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de Havilland DH 9A


Czech Master Resin, 1/72 scale

 

S u m m a r y :

Catalogue Number:

CMR kit number 191 - de Havilland DH 9A

Scale:

1/72

Contents & Media

105 x cream resin airframe parts, 1 x coloured Eduard photo-etch of 40 parts & 1 x photographic negative with windscreen outlines

Price:

Available online from Hannants for £38.75, Redroo Models for Au$67.00, Westcoast Hobbys for Cn$55.00 and various other CMR stockists.

Review Type:

First Look

Advantages:

Highly detailed and very comprehensive kit.

Disadvantages:

Not really a disadvantage, but some parts are approaching the limit in terms of smallness and scale finesse - great care will be needed with these.

Conclusions:

Almost certainly the definitive DH9A in any scale. Suited to modellers with some resin and multi-media experience.  A superb kit.

 

Reviewed by Mark Davies


CMR's 1/72 scale DH 9 is available online from Squadron.com

 

Introduction

 

The original DH9 was a development of the very successful DH4 bomber. However lower than expected power from its BHP engine led to poor performance. The DH9A was a significant improvement over the DH 9, with almost double the power from its American Liberty engine. It also had larger span wings and a strengthened fuselage, plus a return to an engine cowl and radiator reminiscent of the DH4.

The DH9A saw service late in WW1 and went on to have a successful career with the RAF until 1931, as well as several other air arms. These included the Soviet Union’s where it was produced by Polikarpov as the R-1 and various derivatives.

The DH9A lived on in a sense in the Westland Wapiti, which won a design specification for new general purpose aircraft using as many DH9A parts as possible; the most obvious being the Wapiti’s wings.

 

 

FirstLook

 

CMR's 1/72 scale DH 9 is packaged in typical Czech end-opening box with attractive box art.

 

 

The parts and decals are in heat sealed plastic bags, which in turn are sealed in a further bag with the instructions and photo-walkaround. Straightforward instructions consist of three double-sided A4 pages. The parts map and constructional illustrations are very clear and easy to follow. A double-sided page gives comprehensive colour plans covering options for four aircraft in service during 1918. Detailed colour notes and other written instructions are in English. Two more double-sided pages provide an excellent photo walkaround focused on various detail aspects of the aircraft.

 

  • Czech Master Resin 1/72 scale DH 9 Review by Mark Davies: Image
  • Czech Master Resin 1/72 scale DH 9 Review by Mark Davies: Image
  • Czech Master Resin 1/72 scale DH 9 Review by Mark Davies: Image
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The parts breakdown is completely conventional for a biplane of this type. In fact it is only presence of small casting blocks or little bits of flash that make the major airframe parts any different from a conventional injected styrene kit; and it will take only a matter of minutes to remove and clean these up. Surface detail is very realistic and finely done.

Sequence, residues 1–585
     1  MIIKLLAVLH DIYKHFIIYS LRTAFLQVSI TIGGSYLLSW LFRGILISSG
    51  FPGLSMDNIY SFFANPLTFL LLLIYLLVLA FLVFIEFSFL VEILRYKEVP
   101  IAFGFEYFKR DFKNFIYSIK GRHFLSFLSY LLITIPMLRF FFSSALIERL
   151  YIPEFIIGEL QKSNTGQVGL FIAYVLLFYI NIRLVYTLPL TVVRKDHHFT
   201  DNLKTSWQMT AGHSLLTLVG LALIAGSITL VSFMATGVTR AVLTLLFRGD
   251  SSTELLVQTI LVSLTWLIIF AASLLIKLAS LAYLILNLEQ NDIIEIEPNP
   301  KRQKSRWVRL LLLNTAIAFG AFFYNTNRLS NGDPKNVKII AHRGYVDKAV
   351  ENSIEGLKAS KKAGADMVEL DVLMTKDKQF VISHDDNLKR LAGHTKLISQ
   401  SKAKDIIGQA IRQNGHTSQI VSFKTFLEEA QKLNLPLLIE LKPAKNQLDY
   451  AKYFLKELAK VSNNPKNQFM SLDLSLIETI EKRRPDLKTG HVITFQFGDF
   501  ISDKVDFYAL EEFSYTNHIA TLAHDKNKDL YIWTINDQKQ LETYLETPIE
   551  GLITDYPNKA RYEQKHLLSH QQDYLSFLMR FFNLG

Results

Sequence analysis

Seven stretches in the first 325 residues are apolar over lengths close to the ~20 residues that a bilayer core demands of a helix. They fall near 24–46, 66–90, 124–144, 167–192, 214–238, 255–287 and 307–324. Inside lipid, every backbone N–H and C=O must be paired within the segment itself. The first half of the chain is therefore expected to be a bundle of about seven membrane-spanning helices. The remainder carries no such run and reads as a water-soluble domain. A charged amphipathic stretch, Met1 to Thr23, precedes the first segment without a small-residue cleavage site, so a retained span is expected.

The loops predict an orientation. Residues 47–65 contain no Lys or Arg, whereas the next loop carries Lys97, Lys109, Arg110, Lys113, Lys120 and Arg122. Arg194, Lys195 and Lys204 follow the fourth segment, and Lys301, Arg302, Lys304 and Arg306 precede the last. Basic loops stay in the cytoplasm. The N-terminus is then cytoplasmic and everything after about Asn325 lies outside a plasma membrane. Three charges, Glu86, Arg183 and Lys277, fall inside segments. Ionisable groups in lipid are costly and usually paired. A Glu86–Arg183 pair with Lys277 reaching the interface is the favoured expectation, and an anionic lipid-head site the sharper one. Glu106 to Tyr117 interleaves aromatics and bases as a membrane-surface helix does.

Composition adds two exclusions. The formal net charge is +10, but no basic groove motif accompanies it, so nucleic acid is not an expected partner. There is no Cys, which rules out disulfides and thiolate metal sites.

Smaller parts are of course on casting blocks, but in most instances will only need to be removed by a craft knife. The main wing and cabane struts are in a darker colour resin that no doubt has properties better suited to their weight bearing role than the cream resin used for the remainder of the kit.

The thing that stands out about this kit is the large number of incredibly fine small detail parts provided. I suspect they represent close to the limit of the casting art. The modeller will also be kept busy attaching numerous control-line horns. I prefer these separate horns to ones moulded with flying surfaces as they are better shaped and can be fitted later in the build (the fixed ones being prone to damage during construction).  

Other very fine details are provided for by the Eduard-sourced Photo-Etch (PE) fret. This provides numerous small details like Vickers Gun cocking lever, gun-sights, bomb racks, wicker pilot’s seat, and pre-coloured instrument panel and seat harnesses. Spoked wheel rims on the PE fret are identified as not required, suggesting a post-war boxing will follow. For those who do not like PE there is the option of a resin pilot’s seat and instrument panel.

 

 

A photographic negative provides for windscreens, with their shape indicated by black outlines. Decals are typical of CMR, being well registered and suggest good opacity. Based on past experience they should be very good to use; but like most Czech decals they will be quite thin and need to be floated into position, as they tend to adhere extremely well once there is no fluid under them.

 

 

Without wishing to belabour the point, the stand-out feature of this kit is in the tiny details. These will serve to capture that WW1 look where all manner of attachments and fittings add interest to the subject. Tiny bombs, their bomb-racks, gun-mounts, tiny gun-sights and ammo drums all combine with very high levels of interior detail to capture that cluttered and “tied-together” look of the real aircraft.

 


 

Conclusion

 

This is a superbly executed kit of an interesting subject. Despite its tiny details and high parts count the greatest challenges are likely to remain those that apply to most WW1 biplanes - fitting the upper wing and rigging. All the other challenges should be met by the application of some extra care and patience.

 


CMR Models are available online from Hannants in the UK,
Red Roo Models in Australia and quality specialist model retailers worldwide.


Text Copyright 2008 by Mark Davies
This Page Created on 15 May2008
Last updated 15 May, 2008

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